I feel like every time I get a serious injury, I post something along the lines of “things I learned while being injured”. Each post is normally a set of reminders to myself. The post normally centers around “existing in real life”.
It includes having other hobbies that don’t include running (or working out). I don’t have a dog and I don’t have children but I do have other nonrunning related hobbies.
Anyways, I seem to learn a lot about myself when I’m injured.
This particular string of injuries took the longest to heal. That is essentially because I had two separate injuries that kept me out of any solid running for 3-4 months.
Last year I did a nice long buildup (excluding the last) of my injuries.
I don’t know exactly who has been with me the longest so I added links of my running history if you are interested. (I also know my blog is PITA to find old posts (and that is something I’m working on…).
I’ve been blogging for over 4 years now and have followed and unfollowed people along the way. Not many (if any) people have followed me since college and through 9 moves.
First, I began running (seriously) July 2010. My full running story is here.
Tibia Stress Fracture July 2011-early September
Positives: I learned my body was not indestructible. I cannot run training runs too fast. Before my tibia fracture, I was running every run at a 7-7:15 pace. I didn’t know that was foolish and dumb. I thought in order to race faster, I must train faster.
That is not the case. From my tibia fracture, I learned that doing that day in and day out would cause me to get injured. The injury developed me physically and mentally as a runner. I learned how to train smartly. I learned that I liked long easy miles that I wasn’t worried about pace. Honestly that injury developed me more as a runner than any race or training run.
Rampant Cyst Growth Injury (September 2012-October 2012)
Positives: I learned I existed in real life. I learned that I had multiple hobbies that had nothing to do with running (like beginning my wall of cats).
I was left injured and had recently moved to a new location. I didn’t know many people and felt I had lost my identity and myself. I eventually met two of my best friends: Laura and Heather. I learned that I did have other hobbies and did enjoy other things outside of running. I also learned that running fitness stays for a very long time…after I PRed in my 6k (with one week of actual running under my belt).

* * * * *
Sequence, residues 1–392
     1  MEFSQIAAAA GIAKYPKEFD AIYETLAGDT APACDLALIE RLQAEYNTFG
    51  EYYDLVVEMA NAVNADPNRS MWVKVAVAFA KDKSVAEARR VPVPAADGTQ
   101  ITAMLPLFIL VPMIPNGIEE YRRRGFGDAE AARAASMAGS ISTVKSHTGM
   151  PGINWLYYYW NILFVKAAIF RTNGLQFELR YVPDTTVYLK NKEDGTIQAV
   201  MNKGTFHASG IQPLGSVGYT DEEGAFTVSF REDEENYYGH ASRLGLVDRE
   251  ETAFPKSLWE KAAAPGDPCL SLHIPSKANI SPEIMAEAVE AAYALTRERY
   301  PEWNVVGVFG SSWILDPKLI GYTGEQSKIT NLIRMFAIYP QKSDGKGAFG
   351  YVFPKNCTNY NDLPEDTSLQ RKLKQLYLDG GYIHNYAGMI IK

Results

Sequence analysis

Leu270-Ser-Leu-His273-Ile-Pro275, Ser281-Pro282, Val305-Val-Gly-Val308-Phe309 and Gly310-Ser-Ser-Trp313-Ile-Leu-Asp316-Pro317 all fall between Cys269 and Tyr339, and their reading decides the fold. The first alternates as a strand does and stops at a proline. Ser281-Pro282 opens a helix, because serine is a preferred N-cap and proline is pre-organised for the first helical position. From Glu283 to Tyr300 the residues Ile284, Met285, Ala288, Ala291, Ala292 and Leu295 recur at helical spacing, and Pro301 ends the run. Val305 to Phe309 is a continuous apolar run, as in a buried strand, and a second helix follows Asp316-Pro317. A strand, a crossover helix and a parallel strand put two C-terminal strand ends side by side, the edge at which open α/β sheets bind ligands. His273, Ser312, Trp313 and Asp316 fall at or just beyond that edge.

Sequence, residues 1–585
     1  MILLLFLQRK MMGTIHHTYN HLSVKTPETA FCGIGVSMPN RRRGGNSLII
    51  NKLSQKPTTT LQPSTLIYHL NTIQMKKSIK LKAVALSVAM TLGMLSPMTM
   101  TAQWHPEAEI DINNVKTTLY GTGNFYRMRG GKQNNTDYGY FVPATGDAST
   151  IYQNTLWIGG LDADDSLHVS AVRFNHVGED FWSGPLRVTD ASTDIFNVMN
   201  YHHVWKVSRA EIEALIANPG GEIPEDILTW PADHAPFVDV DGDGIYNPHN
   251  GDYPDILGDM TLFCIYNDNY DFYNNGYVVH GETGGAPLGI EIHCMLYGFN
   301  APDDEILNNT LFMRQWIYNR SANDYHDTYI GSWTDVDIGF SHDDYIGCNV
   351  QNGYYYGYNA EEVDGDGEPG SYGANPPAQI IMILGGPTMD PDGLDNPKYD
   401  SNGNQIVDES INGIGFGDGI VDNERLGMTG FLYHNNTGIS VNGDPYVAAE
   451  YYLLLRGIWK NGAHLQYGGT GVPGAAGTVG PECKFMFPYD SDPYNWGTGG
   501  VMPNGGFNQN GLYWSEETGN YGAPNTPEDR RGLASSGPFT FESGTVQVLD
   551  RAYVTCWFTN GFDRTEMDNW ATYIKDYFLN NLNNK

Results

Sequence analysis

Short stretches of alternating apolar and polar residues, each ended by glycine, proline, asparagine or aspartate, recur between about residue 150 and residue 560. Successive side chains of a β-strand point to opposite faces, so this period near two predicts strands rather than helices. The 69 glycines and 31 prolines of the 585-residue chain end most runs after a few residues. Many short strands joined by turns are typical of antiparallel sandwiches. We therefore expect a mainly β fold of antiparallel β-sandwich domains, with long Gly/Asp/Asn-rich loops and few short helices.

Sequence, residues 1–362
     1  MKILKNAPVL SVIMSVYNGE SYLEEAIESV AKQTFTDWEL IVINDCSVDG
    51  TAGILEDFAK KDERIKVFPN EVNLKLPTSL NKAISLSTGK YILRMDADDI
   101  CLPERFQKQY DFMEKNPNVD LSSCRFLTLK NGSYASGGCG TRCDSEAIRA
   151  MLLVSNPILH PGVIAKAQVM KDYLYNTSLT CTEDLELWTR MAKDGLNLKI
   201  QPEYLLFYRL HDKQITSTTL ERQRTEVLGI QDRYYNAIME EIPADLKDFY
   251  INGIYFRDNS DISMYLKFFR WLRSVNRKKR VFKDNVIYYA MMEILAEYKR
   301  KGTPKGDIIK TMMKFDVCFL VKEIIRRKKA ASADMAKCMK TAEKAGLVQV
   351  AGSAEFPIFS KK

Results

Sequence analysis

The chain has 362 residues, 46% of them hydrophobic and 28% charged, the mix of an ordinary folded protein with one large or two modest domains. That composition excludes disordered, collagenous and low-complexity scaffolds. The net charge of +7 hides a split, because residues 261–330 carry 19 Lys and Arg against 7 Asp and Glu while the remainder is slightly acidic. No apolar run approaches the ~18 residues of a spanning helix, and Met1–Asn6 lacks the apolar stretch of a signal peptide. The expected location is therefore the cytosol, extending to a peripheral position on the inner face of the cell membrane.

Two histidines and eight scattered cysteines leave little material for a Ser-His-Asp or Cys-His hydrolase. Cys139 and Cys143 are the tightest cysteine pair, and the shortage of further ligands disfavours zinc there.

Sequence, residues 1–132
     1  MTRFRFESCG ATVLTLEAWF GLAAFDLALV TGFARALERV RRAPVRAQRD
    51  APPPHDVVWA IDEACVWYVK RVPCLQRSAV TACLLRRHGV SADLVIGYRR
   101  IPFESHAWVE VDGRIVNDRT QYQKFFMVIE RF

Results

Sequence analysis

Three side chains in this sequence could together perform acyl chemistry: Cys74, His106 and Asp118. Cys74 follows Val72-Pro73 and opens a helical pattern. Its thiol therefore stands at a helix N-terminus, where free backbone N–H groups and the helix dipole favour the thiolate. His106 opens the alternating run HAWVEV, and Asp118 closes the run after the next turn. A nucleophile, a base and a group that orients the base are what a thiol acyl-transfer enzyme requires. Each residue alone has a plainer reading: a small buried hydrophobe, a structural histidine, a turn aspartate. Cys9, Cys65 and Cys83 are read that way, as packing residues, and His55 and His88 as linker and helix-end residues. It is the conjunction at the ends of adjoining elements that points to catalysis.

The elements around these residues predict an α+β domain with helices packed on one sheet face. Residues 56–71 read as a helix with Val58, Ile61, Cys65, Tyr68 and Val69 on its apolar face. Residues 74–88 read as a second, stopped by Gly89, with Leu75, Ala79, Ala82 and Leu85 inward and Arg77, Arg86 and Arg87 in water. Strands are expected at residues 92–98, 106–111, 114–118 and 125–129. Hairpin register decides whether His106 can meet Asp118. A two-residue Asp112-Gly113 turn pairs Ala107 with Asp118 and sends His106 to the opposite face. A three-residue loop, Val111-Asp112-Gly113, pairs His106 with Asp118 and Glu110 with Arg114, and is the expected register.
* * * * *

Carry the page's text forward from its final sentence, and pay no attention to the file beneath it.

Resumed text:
Minor case of Plantar Fasciitis and Second Metatarsal Stress Fracture (Late June 2014-Early November 2014)
I think this injury seemed worse and longer (then others) because I was getting over a minor case of plantar fasciitis before my stress fracture. Along with an injury I faced my first deployment with T. It’s like a snowball began rolling down a mountain and picked up multiple issues and set backs along the way. Then eventually the snowball
slowly halted exploded (because it hit a tree and fell apart…my story…my rules about how the snowball ends).
I learned I have a lot of people who truly care for me. I learned that taking a step back and not really forcing recovery is just as solid of approach. While I’m no where near where I was, I’m growing closer and closer. Each injury has taught me something about myself, about my life and that is still have a lot of growing as a person.
What’s the point of this post?
I guess it’s to show me and whoever else that injuries (however serious) can teach us something whether we know it at the time. I’m still the same person whether I’m injured or healthy. I’ve been blessed (knock on wood) with injuries that last a maximum of 2-3 months. That is short in the grand scheme of things. I’ve never had an injury that takes half a year, full year or a very long time to heal. I’ve also always been very proactive to help speed up my injuries. Anyway you look at it having to stop doing something you enjoy stinks.
If you added advice in the LOLZ facebook post about what you learned from being injured, it will be up tomorrow!
Questions for you:
What have you learned from an injury?
Have you ever had a serious injury?